Wednesday, September 14, 2016

A Cat's Tongue

A feeling of rough sandpaper as you are licked by your cat  is a reminder that its long muscular tongue serves many functions, including grooming.
A cat's ability to groom itself is the result of numerous knobs called papillae, on the surface of a cat's tongue.  Located at the tongue's center, the papillae form backward facing hooks containing large amounts of keratin, the same material found in human fingernails.  These hooks provide the abrasiveness a cat needs for self grooming.  The strengh of these hooks also helps a cat hold food or struggle with  prey.
Although the abrasiveness of a cat's tongue helps it to clean itself and untangle its hair, your help is needed through regular grooming.  As you groom your cat, you are removing loose and dead hair.  Otherwise a cat may ingest this hair and hair balls can form which can cause vomiting and may cause impaction in the gastrointestinal tract.   Long haired cats need daily grooming, short haired cats should be groomed at least once a week.




Tuesday, May 31, 2016

Summer Saftey Tips

1.  Make sure your pet's vaccines are current.  Diseases such as Rabies, Distemper and parvo are ever present dangers.
2.  Beware of insect bites.  Most of the time an insect sting is just painful and irritating.  Getting stung several times, or inside the mouth or throat, is dangerous.  The subsequent swelling can close your dog's throat and block their airway.  Call or take your pet to your  veterinarian if you see this type of reaction.
3.  Talk to your veterinarian about flea and tick prevention.
4.  Heartworm is a common problem for dogs.  Make sure your dog has yearly heartworm testing and stays on prevention all year.
5.  Lawn and garden products may be hazardous.  Keep these products out of your pet's reach.
6.  No matter how careful and responsible we are, accidents happen.  Make sure your pet has a microchip or identification on their collar.  And make sure your family members know the phone number to your veterinarian.
7.  Never leave your dog outside without shade or fresh water.
8.  NEVER LEAVE YOUR PET IN A CAR.



Tuesday, May 10, 2016

Please welcome to Lincolnton Animal Hospital Dr. Robyn McFerren.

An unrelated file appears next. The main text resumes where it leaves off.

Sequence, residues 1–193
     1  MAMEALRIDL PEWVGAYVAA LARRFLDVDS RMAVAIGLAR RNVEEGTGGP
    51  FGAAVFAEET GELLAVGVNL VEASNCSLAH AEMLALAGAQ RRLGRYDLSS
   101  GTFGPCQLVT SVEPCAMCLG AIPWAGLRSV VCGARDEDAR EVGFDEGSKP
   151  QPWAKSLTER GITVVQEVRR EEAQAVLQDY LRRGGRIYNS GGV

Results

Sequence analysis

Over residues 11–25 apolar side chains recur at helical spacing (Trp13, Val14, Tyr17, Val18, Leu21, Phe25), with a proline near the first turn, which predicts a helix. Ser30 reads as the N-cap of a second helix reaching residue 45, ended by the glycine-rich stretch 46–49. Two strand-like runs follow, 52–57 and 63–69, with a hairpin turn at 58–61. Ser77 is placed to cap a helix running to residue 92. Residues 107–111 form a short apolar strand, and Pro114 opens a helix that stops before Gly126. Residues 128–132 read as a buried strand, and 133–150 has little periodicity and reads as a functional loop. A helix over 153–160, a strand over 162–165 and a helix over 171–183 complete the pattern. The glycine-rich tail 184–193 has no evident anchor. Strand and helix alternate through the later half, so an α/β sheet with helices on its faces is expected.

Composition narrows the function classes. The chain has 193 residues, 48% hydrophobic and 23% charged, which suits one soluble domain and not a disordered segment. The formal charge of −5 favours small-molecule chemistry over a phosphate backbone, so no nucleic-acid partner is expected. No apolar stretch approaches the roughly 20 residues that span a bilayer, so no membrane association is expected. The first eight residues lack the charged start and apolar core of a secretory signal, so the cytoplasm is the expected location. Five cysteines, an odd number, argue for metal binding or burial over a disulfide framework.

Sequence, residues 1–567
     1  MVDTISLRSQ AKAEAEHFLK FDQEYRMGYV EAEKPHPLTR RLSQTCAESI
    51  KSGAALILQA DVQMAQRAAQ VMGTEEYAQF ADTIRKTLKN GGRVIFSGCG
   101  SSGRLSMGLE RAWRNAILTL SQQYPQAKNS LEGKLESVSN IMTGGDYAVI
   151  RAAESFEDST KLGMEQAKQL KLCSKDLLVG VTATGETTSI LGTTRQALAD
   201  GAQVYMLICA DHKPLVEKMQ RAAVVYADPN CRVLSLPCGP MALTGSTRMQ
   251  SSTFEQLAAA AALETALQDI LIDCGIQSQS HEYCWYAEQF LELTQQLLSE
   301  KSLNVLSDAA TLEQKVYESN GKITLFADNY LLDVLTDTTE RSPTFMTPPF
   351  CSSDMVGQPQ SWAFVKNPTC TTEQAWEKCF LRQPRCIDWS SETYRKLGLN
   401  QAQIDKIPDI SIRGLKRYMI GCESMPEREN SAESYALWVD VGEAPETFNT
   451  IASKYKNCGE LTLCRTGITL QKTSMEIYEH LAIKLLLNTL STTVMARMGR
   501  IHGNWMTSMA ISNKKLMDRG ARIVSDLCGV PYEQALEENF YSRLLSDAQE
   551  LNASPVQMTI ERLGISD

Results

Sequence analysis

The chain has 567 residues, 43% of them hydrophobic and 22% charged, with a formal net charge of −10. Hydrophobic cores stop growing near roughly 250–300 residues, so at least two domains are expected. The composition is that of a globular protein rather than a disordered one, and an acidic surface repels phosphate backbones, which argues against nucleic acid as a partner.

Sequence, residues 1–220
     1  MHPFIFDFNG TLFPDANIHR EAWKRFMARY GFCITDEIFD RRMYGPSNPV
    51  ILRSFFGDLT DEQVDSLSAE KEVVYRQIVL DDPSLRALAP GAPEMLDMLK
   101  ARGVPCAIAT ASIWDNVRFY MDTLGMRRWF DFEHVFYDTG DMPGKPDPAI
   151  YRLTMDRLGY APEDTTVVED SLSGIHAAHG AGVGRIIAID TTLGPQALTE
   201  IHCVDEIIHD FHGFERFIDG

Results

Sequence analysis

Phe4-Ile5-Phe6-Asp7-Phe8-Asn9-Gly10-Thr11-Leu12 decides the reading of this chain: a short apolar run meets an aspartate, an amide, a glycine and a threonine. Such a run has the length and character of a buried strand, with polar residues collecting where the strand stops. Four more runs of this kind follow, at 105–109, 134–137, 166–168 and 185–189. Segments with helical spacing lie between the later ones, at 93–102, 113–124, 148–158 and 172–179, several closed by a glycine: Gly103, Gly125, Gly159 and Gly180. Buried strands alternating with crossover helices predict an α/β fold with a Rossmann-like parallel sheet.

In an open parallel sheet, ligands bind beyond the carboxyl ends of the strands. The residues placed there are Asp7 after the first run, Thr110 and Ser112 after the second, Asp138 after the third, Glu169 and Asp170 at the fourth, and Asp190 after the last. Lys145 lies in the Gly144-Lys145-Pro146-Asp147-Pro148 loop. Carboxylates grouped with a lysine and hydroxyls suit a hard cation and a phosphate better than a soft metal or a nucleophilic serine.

Dr. McFerren is excited to be joining our staff as a full-time associate veterinarian.  While growing up, "Dr. Mac" lived all over the east coast and has moved more than 20 times.  NC has been home longer than anywhere else, 15 years.  She obtained her undergraduate degree from West Virginia University and her DVM from the University of Georgia.
While raising two sons, Ian (13) and Carson (17), Dr. McFerren worked relief and part-time for the past 12 years.  Besides the boys, she and her husband, Tim, are the "pet parents" of cats Maow and Trouble, as well as dogs Poppy and Rye.
Dr. Mac's interests include internal medicine, behavior and alternative medicine.  In addition to her required medical licensing, she is also certified in Traditional Chinese Veterinary Medicine and Acupuncture for small animals.

Wednesday, March 30, 2016

Relay for Life Annual Dog Wash

 
 
 
 
 
ANNUAL RELAY FOR LIFE DOG WASH
 
 
 
WHEN:        SATURDAY APRIL 16
 
WHERE:     LINCOLNTON ANIMAL HOSPITAL
 
TIME:          2:00 - 4:00 P.M.
 
 
 
ASKING DONATION

 
DOGS UNDER 40#  $10
 
DOGS 40# AND OVER  $15
(no cats)
 
 

Wednesday, February 17, 2016

Dental Health

 


Wednesday, December 23, 2015

Please welcome Dr. Stephanie Moore to Lincolnton Animal Hospital.
 
Dr. Moore grew up in the Piedmont and mountains of NC. She graduated from NC State University in 1997 with a BS in Animal Science and from NCSU College of Veterinary Medicine in 2001. She practiced large animal medicine for 6 years before changing to small animal medicine practice. Dr. Moore enjoys any outdoor activity, especially spending time at the beach. She is dedicated to her church and looks forward to an annual mission trip to Belize every summer, where she helps youth and adults with special needs at a Christian event called Camp Joy. She lives in Gastonia with her "4-legged children"- 3 dogs, Bert, Ernie and Scarlett and 6 rescue cats.



Friday, October 23, 2015

BY PRODUCTS ARE NOT LOW QUALITY

The following statement is a MYTH:
 
 
By products are low quality ingredients.
 
A by product is a secondary product produced in addition to the main product.  AAFCO (the Association of American Feed Control Officials) defines meat by products as "the non-rendered, clean parts, other than meat, derived from slaughtered  mammals.  It includes, but is not limited to, lungs, spleen, kidneys, brain, livers, blood, bone, partially defatted low temperature fatty tissue, stomachs, and intestines freed of their contents. 
It does not include hair, horns, teeth, and hoofs."  These products may be considered delicacies by certain cultures (especially Tripe and chicken feet).  These products provide excellent sources of iron, vitamins A, B12, E, K, riboflavin, biotin, and folic acid.  A dog or cat that ate only skeletal muscle would develop a nutritional deficiency.